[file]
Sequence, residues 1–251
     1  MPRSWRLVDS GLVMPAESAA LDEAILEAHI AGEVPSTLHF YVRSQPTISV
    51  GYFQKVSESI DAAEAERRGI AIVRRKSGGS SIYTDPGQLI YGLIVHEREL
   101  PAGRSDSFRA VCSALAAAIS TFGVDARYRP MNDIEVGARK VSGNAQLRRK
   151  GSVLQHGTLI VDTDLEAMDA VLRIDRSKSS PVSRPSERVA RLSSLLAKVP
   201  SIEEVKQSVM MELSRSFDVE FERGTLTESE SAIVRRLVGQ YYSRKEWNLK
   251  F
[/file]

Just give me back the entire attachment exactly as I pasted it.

Sequence, residues 1–251
     1  MPRSWRLVDS GLVMPAESAA LDEAILEAHI AGEVPSTLHF YVRSQPTISV
    51  GYFQKVSESI DAAEAERRGI AIVRRKSGGS SIYTDPGQLI YGLIVHEREL
   101  PAGRSDSFRA VCSALAAAIS TFGVDARYRP MNDIEVGARK VSGNAQLRRK
   151  GSVLQHGTLI VDTDLEAMDA VLRIDRSKSS PVSRPSERVA RLSSLLAKVP
   201  SIEEVKQSVM MELSRSFDVE FERGTLTESE SAIVRRLVGQ YYSRKEWNLK
   251  F